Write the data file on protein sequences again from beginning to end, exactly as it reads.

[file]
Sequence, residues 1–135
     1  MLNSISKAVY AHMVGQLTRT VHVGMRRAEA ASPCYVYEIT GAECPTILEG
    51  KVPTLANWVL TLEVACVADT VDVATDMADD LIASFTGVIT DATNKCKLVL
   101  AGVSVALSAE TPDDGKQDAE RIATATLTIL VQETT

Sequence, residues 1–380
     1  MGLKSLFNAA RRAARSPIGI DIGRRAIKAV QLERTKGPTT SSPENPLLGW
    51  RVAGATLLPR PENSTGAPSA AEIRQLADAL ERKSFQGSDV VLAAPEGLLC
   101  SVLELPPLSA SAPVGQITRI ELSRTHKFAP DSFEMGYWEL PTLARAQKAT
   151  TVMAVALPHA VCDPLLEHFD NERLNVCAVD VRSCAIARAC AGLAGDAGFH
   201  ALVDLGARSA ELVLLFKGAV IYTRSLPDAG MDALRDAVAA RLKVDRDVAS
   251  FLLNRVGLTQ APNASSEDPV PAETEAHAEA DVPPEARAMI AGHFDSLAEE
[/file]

Sequence, residues 1–135
     1  MLNSISKAVY AHMVGQLTRT VHVGMRRAEA ASPCYVYEIT GAECPTILEG
    51  KVPTLANWVL TLEVACVADT VDVATDMADD LIASFTGVIT DATNKCKLVL
   101  AGVSVALSAE TPDDGKQDAE RIATATLTIL VQETT

Sequence, residues 1–380
     1  MGLKSLFNAA RRAARSPIGI DIGRRAIKAV QLERTKGPTT SSPENPLLGW
    51  RVAGATLLPR PENSTGAPSA AEIRQLADAL ERKSFQGSDV VLAAPEGLLC
   101  SVLELPPLSA SAPVGQITRI ELSRTHKFAP DSFEMGYWEL PTLARAQKAT
   151  TVMAVALPHA VCDPLLEHFD NERLNVCAVD VRSCAIARAC AGLAGDAGFH
   201  ALVDLGARSA ELVLLFKGAV IYTRSLPDAG MDALRDAVAA RLKVDRDVAS
   251  FLLNRVGLTQ APNASSEDPV PAETEAHAEA DVPPEARAMI AGHFDSLAEE